For the third straight year, I raced in a duathlon at Natural Bridge Caverns, with the unique feature of starting within the cave. The bike course was shorter than last year due to light rain (making it more like 2010). So the times aren't comparable, but I did improve my overall position to third, and retained my age group title with my time of 1:54.
Since racing up the Willis/Sears Tower a few weeks back, I visited my parents in NY for Thanksgiving, and then hours after getting back to Austin, participated in one of the stupidest and worst races I've ever been part of the: The Beer Mile. This consists of drinking an entire 12-ounce can of beer, running a quarter mile, and repeating four times, for a total of one mile and four beers. Since my "prime" beer-drinking days are long past, that was by far the hardest and worst part of the event. I won't explain, but let's just say I incurred a penalty lap. You can find out what that means easily enough if you want to know more. If I'm ever dumb enough to do this again, my goal will be more to not have a penalty than to beat my 19:02 time. The good part of the event was the social nature of it. People were chatting much more than more serious events. I had a chance to talk to some people I've seen at many races, but never actually said much of anything to. Afterward most people went for dinner nearby.
On the second, I volunteered for the Dirty Du. I woke up much earlier than I needed to, and just drove out there. I got there before most people were awake (many people had camped out). I helped out with packet pickup before going to my actual assignment of a water/sport drink stop on the run course. It was cool because there were quite a few people I knew racing (a pretty good percentage considering there weren't that many people total). The only real problem was bees. There were a few when we got out there, but once we had sugary drinks sitting out, word spread and we were swarmed by hundreds of them. I don't think anybody was allergic, and I don't think anybody got stung, but it was pretty creepy.
Other than the crazy early start time and fog, the duathlon today went pretty well. I had to get up at 3:30 to drive the hour down there in time for the 6:30 start. Of course I couldn't get to sleep last night until almost midnight.
This event has grown considerably in the past two years. The first time there were just a few doing the hardest "T-Rex" distance. This time there were probably almost 50 people doing T-Rex and 40 doing the "Woolly Mammoth," which I did again this year.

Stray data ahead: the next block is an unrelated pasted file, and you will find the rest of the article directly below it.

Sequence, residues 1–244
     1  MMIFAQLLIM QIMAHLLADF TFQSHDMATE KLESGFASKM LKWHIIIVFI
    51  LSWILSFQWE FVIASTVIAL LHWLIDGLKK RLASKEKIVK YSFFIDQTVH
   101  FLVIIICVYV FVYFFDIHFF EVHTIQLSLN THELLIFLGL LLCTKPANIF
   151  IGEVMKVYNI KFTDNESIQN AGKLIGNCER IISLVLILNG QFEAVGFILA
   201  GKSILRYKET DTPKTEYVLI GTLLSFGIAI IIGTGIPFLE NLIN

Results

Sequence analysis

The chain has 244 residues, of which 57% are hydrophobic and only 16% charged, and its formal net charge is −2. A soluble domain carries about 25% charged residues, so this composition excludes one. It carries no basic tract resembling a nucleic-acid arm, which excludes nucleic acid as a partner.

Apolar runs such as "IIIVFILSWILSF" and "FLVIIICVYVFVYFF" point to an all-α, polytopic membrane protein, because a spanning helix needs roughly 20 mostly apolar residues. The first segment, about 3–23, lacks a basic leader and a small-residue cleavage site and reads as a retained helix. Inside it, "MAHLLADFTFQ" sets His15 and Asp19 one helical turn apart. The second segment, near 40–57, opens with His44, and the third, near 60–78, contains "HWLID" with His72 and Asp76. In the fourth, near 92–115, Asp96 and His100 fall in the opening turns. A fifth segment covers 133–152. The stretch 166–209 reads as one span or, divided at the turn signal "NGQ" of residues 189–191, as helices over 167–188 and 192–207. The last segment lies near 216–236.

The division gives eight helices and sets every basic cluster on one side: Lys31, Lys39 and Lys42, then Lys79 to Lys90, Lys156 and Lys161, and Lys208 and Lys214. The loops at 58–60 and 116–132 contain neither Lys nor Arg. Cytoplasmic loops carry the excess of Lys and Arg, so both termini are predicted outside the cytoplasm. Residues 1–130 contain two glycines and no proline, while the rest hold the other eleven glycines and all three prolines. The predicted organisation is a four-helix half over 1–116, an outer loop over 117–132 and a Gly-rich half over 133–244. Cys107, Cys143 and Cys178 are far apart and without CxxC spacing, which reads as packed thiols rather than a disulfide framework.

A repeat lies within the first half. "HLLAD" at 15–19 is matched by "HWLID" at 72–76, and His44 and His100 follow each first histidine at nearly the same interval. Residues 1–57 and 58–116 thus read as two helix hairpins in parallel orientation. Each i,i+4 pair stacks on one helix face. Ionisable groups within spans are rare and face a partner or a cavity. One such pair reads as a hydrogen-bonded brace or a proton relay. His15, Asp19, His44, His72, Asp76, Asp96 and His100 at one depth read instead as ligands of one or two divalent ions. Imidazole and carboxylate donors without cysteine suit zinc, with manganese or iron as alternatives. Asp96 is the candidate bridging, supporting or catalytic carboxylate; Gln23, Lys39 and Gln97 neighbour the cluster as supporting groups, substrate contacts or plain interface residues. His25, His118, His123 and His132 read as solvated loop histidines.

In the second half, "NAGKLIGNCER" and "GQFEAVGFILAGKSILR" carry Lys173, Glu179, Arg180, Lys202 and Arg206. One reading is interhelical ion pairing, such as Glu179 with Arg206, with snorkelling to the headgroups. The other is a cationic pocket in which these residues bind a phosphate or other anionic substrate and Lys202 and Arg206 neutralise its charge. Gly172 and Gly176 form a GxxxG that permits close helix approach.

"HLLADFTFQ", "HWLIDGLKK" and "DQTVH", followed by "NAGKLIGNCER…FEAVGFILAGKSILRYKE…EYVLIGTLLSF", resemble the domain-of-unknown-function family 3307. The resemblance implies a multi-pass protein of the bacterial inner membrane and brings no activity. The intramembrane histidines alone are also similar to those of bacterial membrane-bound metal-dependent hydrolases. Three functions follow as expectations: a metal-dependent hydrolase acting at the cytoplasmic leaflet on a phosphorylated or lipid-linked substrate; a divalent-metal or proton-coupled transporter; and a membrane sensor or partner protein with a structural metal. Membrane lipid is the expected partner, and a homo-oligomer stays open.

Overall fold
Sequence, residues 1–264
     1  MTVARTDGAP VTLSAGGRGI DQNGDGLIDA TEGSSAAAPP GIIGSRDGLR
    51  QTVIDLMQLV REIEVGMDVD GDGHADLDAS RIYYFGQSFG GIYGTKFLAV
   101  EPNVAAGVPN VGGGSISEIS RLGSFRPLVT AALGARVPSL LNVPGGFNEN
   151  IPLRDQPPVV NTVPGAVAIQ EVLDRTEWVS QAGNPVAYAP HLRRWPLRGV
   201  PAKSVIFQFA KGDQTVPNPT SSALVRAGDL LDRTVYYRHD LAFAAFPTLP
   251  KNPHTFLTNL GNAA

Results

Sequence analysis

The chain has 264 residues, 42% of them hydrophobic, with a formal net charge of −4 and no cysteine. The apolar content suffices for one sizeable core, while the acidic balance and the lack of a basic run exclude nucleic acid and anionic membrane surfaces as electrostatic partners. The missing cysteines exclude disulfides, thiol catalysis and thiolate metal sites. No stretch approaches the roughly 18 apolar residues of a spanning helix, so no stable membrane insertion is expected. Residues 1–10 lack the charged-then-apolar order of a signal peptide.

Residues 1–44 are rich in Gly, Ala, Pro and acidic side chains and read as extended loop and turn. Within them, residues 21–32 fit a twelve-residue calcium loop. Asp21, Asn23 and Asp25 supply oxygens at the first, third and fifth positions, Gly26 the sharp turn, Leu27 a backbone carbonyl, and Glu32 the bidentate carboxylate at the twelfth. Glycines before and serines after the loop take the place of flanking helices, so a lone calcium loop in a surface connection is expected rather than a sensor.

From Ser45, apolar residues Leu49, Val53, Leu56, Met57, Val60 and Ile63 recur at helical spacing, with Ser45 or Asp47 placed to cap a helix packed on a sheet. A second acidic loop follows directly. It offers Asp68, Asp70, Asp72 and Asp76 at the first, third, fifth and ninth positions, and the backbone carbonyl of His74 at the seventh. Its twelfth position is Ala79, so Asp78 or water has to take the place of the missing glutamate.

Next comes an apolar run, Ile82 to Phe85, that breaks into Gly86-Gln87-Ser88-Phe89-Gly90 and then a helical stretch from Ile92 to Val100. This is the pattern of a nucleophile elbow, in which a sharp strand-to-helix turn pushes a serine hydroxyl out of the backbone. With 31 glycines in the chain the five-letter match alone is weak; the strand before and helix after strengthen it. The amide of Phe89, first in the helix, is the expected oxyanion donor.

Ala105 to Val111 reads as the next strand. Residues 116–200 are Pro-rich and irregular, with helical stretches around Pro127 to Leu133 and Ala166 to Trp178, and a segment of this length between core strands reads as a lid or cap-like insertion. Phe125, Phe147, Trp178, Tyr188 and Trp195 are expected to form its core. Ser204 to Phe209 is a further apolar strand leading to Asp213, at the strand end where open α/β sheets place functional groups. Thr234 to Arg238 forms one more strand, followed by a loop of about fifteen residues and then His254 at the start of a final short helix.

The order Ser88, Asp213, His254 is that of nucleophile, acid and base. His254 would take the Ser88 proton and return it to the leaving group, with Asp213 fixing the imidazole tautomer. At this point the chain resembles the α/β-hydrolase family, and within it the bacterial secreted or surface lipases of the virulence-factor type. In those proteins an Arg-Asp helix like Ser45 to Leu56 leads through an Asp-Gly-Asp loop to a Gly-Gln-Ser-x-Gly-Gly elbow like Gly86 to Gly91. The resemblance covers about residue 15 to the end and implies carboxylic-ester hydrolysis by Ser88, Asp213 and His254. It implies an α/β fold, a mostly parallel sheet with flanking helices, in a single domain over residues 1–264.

I don't remember what I put down for a seed time, but I was third of the mammothers. They left enough of a gap between T-Rex and Mammoth groups that I didn't pass any of them until the final stretch in the cave to the exit. I was glad not to be held up by any of them. Through most of the cave, I was right behind the woman who was seeded second, but I passed her shortly after getting out to the surface. I was passed going down "the" hill by the guy who had started right behind me. He didn't get far away, and we exited transition at almost the same time. I was happy to follow him out to the road, as I was almost totally blind. The visor of my helmet was totally fogged on the inside. I was able to see a small section of clarity through a vent hole, but otherwise it was just rough shapes. So I just followed him until we got to the road, and there was a stripe to follow. Soon after I passed him I was able to wipe the inside of my visor and have some visibility. The weather itself was foggy and drizzly, so it's not like there was any way to truly have good visibility.
Normally in a multisport race, there are plenty of bikes out ahead for me to pass. This helps me psychologically. This time, however, I was all but alone most of the time. The guy who had started first was long gone (obviously a decent cyclist as well as a good runner), and the T-Rex racers weren't out on the course yet. It wasn't until the long course met up with the short course that I saw more than a couple bikes going my way (I was passed by two T-Rex racers). There was a stretch where the course doubled back and I could see people going the other direction.
Ironically, the road leading to Kreuger Canyon, which was cut out due to the wetness, was the only dry road on the course. I didn't have a problem with the dampness, I took the turns pretty slowly, but one guy I know wiped out at a two corners.
The second run was slower, but a little better, than the first run. The second time through it was actually light enough out that you could see the bigger rocks on the dirt road that could sprain an ankle. I saw the guy who started just after me on the run, and I was trying to stay far enough ahead of him to beat him. When someone ran past me, I panicked for a second before I realized it was a guy doing a different distance. In the end I finished just far enough ahead of #4 to beat him by seconds. I was second across the line, but somebody who started after me wound up doing the race in less time, pushing me to third overall. I am definitely not disappointed in how I did.